This week’s guest post is by Environment minister, Lord Henley. His portfolio includes Environmental regulation, Air quality, Climate change, sustainable development, Bee health and waste and recycling.
Today he explains how, in amongst all his briefing materials, one particular ‘inverted triangle’ caught his eye – the waste hierarchy – the cornerstone of the department’s waste policy …
Nowadays it’s difficult to find anyone who does not have an opinion on the subject of waste and recycling. The 100,000 plus hits myzerowaste gets each month underline the point.
It’s the first thing many people think about when they look to ‘do their bit’ for the environment. At a stretch you could say the process of recycling is a modern form alchemy – turning base metals into recycling gold – or at least turning old plastic bottles into brand new ones.
Saving money and creating jobs
But recycling does more than that. It saves energy. It also saves natural resources, which would be lost to the productive economy if they were consigned to landfill. It supplies valuable raw materials to industry. Recycling create jobs and save people money.
Recycling is only part of the equation though. More and more, our policies are influenced by the whole waste hierarchy. It’s a useful framework to help people think about how best they can deal with their waste.
In fact it was one thing that stood out from the briefing material I received when I first joined the department in May of this year. In amongst the papers on Pesticides Regulation, Circus Animals and the EU’s Environmental Noise Directive stood one small inverted triangle – the waste hierarchy – the cornerstone of the department’s waste policy.
Dealing with waste
Businesses and local authorities have asked for help on how to apply the waste hierarchy in practice. In response, we have published draft guidance – and I hope some users of MyZeroWaste have had a look at it and given us feedback. It provides a checklist of what we can do with our waste to maximise the benefits I listed earlier. (the consultation is now closed; a final version of the guidance will be published later this year. It is intended to be updated yearly to keep up with technological developments.)
The first step in the hierarchy is waste prevention. We can all make a conscious choice to buy products that will last longer, or are made using fewer resources, keep them for longer or pass them to someone else who will re-use them. The simple use of consumer purchasing power will encourage retailers and manufacturers to stock and make items that reflect their customers’ expectations. Another area where we can all make a difference is food waste. Being a bit more careful about the way we store food, or planning what we cook better could save every family between £400 and £600 every year.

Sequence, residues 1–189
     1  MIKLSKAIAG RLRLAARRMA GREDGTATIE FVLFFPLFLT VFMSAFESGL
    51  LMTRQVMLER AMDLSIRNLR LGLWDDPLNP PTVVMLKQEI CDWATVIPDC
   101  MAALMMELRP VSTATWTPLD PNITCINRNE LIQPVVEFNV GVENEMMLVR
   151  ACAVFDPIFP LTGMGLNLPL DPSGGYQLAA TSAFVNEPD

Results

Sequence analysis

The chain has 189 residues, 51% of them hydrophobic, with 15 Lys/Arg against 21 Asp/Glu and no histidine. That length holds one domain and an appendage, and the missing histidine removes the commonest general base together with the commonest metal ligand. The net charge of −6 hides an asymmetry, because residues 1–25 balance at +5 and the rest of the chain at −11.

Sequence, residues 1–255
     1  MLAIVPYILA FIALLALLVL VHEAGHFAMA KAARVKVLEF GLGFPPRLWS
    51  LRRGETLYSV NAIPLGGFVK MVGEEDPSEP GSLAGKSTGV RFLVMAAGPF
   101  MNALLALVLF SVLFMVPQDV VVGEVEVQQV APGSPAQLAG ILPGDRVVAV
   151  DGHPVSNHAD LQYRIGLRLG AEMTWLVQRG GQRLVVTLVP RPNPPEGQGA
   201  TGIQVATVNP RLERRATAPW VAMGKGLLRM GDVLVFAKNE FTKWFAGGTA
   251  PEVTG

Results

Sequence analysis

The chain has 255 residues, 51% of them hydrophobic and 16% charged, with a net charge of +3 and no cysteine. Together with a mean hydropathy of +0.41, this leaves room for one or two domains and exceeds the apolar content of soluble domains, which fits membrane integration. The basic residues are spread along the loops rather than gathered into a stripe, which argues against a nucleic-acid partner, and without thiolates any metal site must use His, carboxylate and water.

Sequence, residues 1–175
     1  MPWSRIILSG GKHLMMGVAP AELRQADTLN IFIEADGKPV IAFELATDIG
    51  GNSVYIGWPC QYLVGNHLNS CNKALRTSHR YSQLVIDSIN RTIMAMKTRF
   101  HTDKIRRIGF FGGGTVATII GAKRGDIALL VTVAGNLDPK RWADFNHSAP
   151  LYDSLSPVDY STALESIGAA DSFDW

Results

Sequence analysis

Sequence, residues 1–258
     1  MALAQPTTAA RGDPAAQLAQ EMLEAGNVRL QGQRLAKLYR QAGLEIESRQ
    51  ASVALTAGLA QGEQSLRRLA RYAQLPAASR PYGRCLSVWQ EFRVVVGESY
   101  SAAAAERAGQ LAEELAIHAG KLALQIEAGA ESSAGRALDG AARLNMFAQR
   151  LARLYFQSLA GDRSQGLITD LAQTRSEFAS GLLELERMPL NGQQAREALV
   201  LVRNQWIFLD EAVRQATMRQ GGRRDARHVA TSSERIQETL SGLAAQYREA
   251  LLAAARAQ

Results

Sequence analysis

Reuse and repair
But at some point, inevitably, most items will become waste. We therefore have to continue to be a little creative and think about what we can do when we are done with something. This is where the next option comes in – preparing waste for re-use. Many unwanted items can be passed to organisations or businesses specialising in checking, cleaning or repairing them, so that they can be used again, or provide spare parts.
After reducing and reusing comes the alchemy option – recycling. Making an aluminium drinks can from recycled aluminium only takes 5% of the energy needed to make one from virgin ore. We have now got the technology and capacity in the UK to turn old drinks bottles back into bottles, and a whole range of other useful things. From mobile phones and other electronic products we can recover rare and precious metals. We can make good quality compost out of food scraps and garden waste, at home and in bigger facilities. More and more councils provide a wide range of recycling facilities; the alchemy works if we provide the raw materials.
What we cannot recycle can often be used in other ways, for example as an alternative source of power. This has great potential and is in the vast majority of cases preferable to landfill. The technologies used here include incineration with energy recovery, high-temperature combustion (pyrolysis and gasification to give them their technical names) and of course anaerobic digestion, which harnesses the decomposition of organic matter to produce biogas.
Mentioning landfill brings us neatly to the last option under the waste hierarchy – disposal. Our default position here is that this option should be the last resort. In the past disposal was our first resort. I think this is partly down to history. Over the years we’ve dug a lot of holes in this country. When we exhausted the resources we were mining and we could dig no more we thought it a good idea to fill these holes in and what better way to do that than throw our rubbish in there – a win-win solution! Regrettably not. Not only does that produce methane (twenty times more powerful as a greenhouse gas than carbon dioxide), but it also means that we are throwing away a potential resource for the UK economy – just for these reasons alone disposal has to be the very last option.
Alternatives to waste
That’s the waste hierarchy. A straightforward concept – easy to understand and use.
So next time you are looking at those tired lettuce leaves, or that jumper you have not worn for several seasons, even the old mobile phone at the back of your sock drawer – think of that inverted triangle, be creative and find an alternative to throwing them in the bin.
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